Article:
Blaming Locke and his Failed Metaphysics of Private Property

This article focuses on the sacred cow of private property in liberal philosophy and politics and its catastrophic impact on the commons. Numerous liberal thinkers (mostly male) have attempted to base social systems, moral obligations and property rights in human nature using the laws of the natural universe. They share the blame for the devastation of the commons. No one has influenced the rules, institutions and concepts of modern individualism more than John Locke. It was Locke, the 17th century philosopher and political scientist, who formulated the central tenet of liberalism: that property should be organized through individual ownership by excluding others. Locke’s source code, both at the meta-level and physical level, is still driving our operating system. It repeats endlessly the ‘empirical’ story that nature intended the commons to be possessed through proprietary ownership. From the long view of social history and political philosophy, however, it’s Locke’s sacred cow of proprietary rights that has been devouring the commons, not Hardin’s hungry cattle or their poor herders.

James Quilligan has a new stimulating essay in the new issue of Kosmos Journal:

* Article: The Failed Metaphysics Behind Private Property: Sharing our Commonhood. By James Bernard Quilligan. Kosmos Journal, May 2011

He writes:

“Garrett Hardin is often cited for his 1968 essay, “The Tragedy of the Commons.” In this classic critique of common property management, Hardin gives the example of herders grazing their cattle on a shared parcel of land. He observes that these individual herdsmen, acting out of self-interest, will put more and more cattle in the pasture. This overgrazing, he says, will deplete or perhaps destroy the field’s limited resources of foliage and soil, which is not in the long-term interest of the group. The failure of such commons through disorganization and waste illustrates the need for external intervention, Hardin implies, whether through the private or public sectors. Yet numerous studies have shown that societies can successfully manage their resources using some form of collective property. Traditional communities which organize resources through customary practice, and modern social networks such as digital communities which rely on system architectures and cooperative standards, both demonstrate that tragedies of the commons are not inevitable. Despite broad differences in local circumstances, this research suggests, common property can be effectively managed using informal norms.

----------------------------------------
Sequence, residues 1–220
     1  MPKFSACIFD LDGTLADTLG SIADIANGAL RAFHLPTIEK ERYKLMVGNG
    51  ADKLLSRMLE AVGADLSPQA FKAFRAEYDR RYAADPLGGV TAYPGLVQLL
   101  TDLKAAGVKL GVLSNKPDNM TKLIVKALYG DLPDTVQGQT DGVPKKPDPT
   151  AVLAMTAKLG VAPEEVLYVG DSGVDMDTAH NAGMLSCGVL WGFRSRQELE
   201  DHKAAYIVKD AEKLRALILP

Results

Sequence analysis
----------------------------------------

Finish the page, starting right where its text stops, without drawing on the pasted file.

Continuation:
However, these analyses rarely explore the historical and philosophical contexts in which failed commons occur. They avoid the most basic questions. What exactly is the social nature of property? How does a property regime reflect the self-understanding of the people who use it? Why do individuals relate to property through shared assumptions about who they are? The study of resources, bodies, lives, minds and human interaction expands commons research from the realm of social analysis into the moral philosophy of the greater good. And the philosophy of what is good for society inevitably raises the question of the personal metaphysics behind property. What is the understanding of human nature in societies where failed commons occur? How do individuals rationalize a social belief system that encourages them to act against their own interests, as Hardin says, allowing their commons to fail? And why should we assume that property has but one meaning, which may be defined only within the context of liberal society?”

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